In my ninth grade Health class, we watched a video of a woman giving birth. Although this video had been eagerly anticipated throughout the semester and was meant to raise a whole host of questions and issues for our class, for the next few days there seemed to be only one thing on everyone’s mind: hair. You see, the woman who had given birth in our video had pubic hair, and this was NOT OKAY. Frankly, the class agreed, it was disgusting. Though this was not the first time I had been introduced to the idea that some women shaved their pubic hair, it stands out in my memory because almost everyone I talked to about it seemed to be in consensus that not shaving *down there* was lazy, unladylike and unattractive.
As any woman will tell you, body hair is an issue fraught with fears, with mocking and alienation. While we are expected to have shiny, thick hair on our heads, hair anywhere else–on our faces, on our legs, between our legs–is not acceptable. And there is a lot of shame surrounding it. I find that, at least among the women I know, body and facial hair are not often discussed. If we do discuss it, our discussions are usually short or somewhat abstract. Even among the women I know best, I hate admitting that I have hair where I am not supposed to. Not because leg hair, pubic hair or facial hair is unnatural, no, but because it’s unladylike, it’s masculine, it’s gross. The number of elaborate products and painful procedures created to remove our hair is staggering. Have you ever waxed, tweezed, cut yourself shaving? Removing hair fucking hurts.
Why do we do it? Why is there such a stigma on body or facial hair? Do you remember how revolted people were when Julia Roberts came to a movie premiere with unshaven armpit hair?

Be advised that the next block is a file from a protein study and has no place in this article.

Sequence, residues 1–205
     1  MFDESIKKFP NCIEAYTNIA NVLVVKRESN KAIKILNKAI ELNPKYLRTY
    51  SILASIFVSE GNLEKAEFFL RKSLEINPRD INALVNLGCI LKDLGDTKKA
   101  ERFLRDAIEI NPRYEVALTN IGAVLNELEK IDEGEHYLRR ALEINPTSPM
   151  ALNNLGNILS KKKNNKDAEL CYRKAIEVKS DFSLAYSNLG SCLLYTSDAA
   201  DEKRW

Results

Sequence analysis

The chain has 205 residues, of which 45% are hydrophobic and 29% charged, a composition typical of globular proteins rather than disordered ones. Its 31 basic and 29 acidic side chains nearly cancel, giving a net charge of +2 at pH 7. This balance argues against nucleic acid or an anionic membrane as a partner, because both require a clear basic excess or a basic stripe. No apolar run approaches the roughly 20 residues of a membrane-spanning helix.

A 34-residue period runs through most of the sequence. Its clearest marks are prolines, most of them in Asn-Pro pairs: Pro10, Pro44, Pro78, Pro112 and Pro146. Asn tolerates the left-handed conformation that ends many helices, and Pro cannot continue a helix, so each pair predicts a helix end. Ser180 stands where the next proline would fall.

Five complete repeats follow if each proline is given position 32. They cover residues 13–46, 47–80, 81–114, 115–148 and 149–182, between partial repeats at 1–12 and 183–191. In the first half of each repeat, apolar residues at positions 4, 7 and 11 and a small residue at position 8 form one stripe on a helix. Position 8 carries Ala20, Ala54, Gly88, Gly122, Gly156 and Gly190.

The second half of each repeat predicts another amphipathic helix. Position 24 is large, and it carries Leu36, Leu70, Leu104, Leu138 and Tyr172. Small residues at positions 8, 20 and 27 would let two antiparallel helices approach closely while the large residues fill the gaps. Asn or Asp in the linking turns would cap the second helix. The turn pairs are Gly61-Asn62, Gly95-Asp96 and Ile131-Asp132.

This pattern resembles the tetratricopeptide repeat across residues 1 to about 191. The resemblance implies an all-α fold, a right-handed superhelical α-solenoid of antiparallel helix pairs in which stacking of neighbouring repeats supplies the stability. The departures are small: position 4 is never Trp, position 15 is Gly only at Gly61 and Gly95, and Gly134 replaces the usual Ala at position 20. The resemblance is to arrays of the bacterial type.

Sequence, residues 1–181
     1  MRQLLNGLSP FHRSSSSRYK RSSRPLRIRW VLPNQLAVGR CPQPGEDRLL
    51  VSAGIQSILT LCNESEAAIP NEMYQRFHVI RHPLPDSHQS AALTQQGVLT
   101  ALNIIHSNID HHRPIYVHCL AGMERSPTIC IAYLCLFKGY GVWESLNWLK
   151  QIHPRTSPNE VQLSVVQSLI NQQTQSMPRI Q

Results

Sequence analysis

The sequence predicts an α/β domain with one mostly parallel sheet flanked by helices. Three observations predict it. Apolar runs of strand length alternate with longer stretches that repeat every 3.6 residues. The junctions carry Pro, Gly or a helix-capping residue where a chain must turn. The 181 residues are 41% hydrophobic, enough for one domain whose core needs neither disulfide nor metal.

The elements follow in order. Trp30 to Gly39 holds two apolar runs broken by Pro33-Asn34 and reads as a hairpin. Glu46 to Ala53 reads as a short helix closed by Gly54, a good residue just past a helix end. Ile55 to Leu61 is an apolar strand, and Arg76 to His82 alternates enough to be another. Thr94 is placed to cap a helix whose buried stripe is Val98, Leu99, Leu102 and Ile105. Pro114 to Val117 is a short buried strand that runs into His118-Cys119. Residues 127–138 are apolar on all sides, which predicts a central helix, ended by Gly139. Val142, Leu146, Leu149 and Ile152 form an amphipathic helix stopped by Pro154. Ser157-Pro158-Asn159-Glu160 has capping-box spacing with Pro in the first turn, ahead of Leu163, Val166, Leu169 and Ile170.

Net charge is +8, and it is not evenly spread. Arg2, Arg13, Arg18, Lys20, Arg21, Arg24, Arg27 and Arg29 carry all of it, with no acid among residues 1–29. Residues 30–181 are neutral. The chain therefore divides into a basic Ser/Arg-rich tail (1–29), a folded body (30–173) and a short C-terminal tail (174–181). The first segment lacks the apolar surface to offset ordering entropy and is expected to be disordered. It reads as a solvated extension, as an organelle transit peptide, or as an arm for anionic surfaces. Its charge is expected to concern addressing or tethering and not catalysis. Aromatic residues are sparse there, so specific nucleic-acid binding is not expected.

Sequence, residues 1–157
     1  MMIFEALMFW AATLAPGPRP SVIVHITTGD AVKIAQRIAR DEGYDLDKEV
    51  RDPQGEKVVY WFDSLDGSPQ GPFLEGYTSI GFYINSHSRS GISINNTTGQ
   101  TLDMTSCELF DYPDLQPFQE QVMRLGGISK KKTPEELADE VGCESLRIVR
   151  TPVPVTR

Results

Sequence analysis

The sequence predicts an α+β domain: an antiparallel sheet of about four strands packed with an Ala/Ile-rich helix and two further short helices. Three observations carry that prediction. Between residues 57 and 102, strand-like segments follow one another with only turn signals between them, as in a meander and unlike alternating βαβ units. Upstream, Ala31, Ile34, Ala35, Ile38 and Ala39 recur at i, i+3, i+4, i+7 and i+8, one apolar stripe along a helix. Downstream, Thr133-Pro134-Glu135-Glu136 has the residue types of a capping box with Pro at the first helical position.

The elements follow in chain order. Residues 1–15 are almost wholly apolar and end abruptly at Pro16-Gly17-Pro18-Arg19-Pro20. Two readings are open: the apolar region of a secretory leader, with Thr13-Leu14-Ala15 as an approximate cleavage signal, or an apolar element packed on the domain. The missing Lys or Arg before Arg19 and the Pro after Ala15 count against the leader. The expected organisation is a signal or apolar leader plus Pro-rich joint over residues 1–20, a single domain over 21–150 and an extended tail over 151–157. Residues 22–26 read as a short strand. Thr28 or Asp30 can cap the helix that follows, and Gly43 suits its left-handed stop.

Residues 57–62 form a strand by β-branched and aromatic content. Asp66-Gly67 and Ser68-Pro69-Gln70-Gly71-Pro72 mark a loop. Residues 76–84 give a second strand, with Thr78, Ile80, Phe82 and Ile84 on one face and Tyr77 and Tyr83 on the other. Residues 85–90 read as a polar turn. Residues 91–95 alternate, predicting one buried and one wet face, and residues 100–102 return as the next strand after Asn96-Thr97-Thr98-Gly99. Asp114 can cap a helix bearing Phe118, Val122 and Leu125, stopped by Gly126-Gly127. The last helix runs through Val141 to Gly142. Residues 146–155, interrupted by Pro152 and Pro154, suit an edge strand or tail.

A quote from the linked website:
The question – Can the attractiveness of a female celebrity overshadows her armpit hairs? Too bad, the answer is no…So, gentlemen…..be prepared for some photos. I am not responsible for what happened to your lunch, ok?
I think a great deal of this has to do with the idea of control. Women who are hairy where they aren’t supposed to be are not only unladylike, they are lazy. They cannot or will not maintain control over their body’s natural impulse to be disgusting, so other people feel that it is their place to do so. And I think more than most other deviations from the “norm” of beauty, the decision not to remove facial or body hair is considered political or even radical. It is a rejection of popular “requirements” for femininity, of the idea that bodies need to be controlled, groomed, pushed past their natural appearance in order to be beautiful.
I’d like to end this post with a call to ‘go natural’, but the fact is that I love the feel of my freshly-shaven legs, the arch of a tweezed eyebrow. Maybe rather than categorically rejecting hair removal, we should think critically about it. Removing our hair should be a choice, not a requirement for being considered beautiful. If I want to shave my legs because that makes me feel beautiful, happy or satisfied, I should be able to. If not shaving them makes me feel those things, I should be able to not shave them without anything being read into my character, sexual attractiveness or political beliefs. We shouldn’t let our hang-ups about hair overshadow more important things. My ninth grade Health class should have been talking about pregnancy, about birth, about parenthood, not about pubic hair. It’s up to us to reject the idea that our bodies are naturally gross, that we must remove our hair to be beautiful–or that we must keep our hair to be good feminists. We must free ourselves to do what makes us happy, with or without hair.